He also blasted the judge in the case, saying his side’s main witness had been “literally crucified by this man who looks like an angel, but is actually a devil.”

He also returned to some of the same authoritarian themes he has repeatedly focused on in his speeches and rallies, describing the United States under Biden as a “corrupt” and “fascist” nation.

His son Eric Trump and his daughter-in-law, Lara Trump, joined him, but his wife, Melania Trump, who has remained publicly silent since the verdict, was not seen.

Outside on Manhattan’s Fifth Avenue, supporters gathered across the street held up a giant red “TRUMP OR DEATH” sign that fluttered in front of an upscale boutique. A small group of protesters held signs reading “Guilty” and “Justice Matters.”

On Friday morning, Trump’s campaign announced that it had raised $34.8 million between the announcement of the verdict and midnight. That’s more than $1 million for each criminal charge and more than his political operation raised in January and February combined. Just under 30 percent of that money came from donors who had never contributed to the campaign through the online platform, they said.

Trump and his campaign had been preparing for days for a guilty verdict, even as they hoped for a hung jury. On Tuesday, Trump denounced that even Mother Teresa, the nun and saint, could not refute the accusations, which he repeatedly called “fake.”

His top aides issued a memo Wednesday insisting that a verdict would have no impact on the election, whether Trump is found guilty or acquitted.

The news nevertheless came as a surprise. Trump listened as the jury returned a guilty verdict on each count. Trump remained speechless as the verdict was read.

His campaign sparked a wave of fundraising appeals and Republican Party allies rallied to his side. A text message describes him as a “political prisoner”, although he does not yet know whether he will be sentenced to prison. The campaign also began selling black “Make America Great Again” caps, instead of the usual red, to reflect a “dark day in history.”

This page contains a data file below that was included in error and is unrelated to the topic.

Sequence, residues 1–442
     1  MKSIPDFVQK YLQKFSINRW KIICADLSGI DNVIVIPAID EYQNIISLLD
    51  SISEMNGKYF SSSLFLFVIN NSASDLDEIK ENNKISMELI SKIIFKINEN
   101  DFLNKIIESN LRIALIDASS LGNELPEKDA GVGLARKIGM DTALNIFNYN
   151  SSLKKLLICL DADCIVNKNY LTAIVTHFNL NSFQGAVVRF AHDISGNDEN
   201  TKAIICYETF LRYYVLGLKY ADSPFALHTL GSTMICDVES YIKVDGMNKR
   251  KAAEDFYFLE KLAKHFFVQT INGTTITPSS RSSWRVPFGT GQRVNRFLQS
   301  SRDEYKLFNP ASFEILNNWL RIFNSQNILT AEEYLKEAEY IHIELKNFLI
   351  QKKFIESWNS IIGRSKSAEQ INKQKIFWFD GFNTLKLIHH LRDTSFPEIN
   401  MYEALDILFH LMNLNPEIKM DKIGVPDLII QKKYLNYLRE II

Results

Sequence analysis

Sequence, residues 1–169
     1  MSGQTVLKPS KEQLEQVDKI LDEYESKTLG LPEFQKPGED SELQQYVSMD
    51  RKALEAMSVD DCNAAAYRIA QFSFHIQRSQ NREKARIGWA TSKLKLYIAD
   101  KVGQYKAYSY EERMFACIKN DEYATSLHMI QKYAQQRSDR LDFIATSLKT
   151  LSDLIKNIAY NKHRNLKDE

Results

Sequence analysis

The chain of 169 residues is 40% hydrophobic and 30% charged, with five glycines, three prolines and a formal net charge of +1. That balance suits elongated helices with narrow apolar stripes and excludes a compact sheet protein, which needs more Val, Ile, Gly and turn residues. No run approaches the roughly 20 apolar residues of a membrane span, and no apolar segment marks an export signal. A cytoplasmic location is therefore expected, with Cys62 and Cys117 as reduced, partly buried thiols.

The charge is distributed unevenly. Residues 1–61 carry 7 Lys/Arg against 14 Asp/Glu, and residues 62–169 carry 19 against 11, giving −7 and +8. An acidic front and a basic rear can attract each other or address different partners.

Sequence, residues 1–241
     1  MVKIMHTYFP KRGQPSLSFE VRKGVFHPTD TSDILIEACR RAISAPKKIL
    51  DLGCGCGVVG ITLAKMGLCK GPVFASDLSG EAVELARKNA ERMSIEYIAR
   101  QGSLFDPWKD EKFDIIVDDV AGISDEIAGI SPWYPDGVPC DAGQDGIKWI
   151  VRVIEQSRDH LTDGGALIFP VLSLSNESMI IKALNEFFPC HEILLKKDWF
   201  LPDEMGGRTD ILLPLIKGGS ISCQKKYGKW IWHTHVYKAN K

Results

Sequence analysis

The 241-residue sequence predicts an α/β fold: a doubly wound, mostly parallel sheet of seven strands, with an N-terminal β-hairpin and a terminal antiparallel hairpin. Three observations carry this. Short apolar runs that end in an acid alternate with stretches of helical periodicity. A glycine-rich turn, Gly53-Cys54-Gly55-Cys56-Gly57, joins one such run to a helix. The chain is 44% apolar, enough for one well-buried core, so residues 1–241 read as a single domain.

Aides reported an immediate rush of contributions so intense that WinRed, the platform the campaign used for fundraising, crashed. The $34.8 million raised Thursday did not include what Trump raised during his in-person fundraiser or donations that continued to come in online Friday.

Trump is expected to have his first debate with Biden in the next two months, announce a vice presidential nominee and formally accept his party’s nomination at the Republican National Convention. But before heading to Milwaukee for the RNC, Trump will have to return to court on July 11 for sentencing. He could face penalties ranging from a fine or probation to up to four years in prison.


Associated Press writers Adriana Gomez Licon in Miami, Meg Kinnard in Columbia, South Carolina, Gary Fields in Washington, and Ali Swenson and Michael R. Sisak in New York contributed to this report.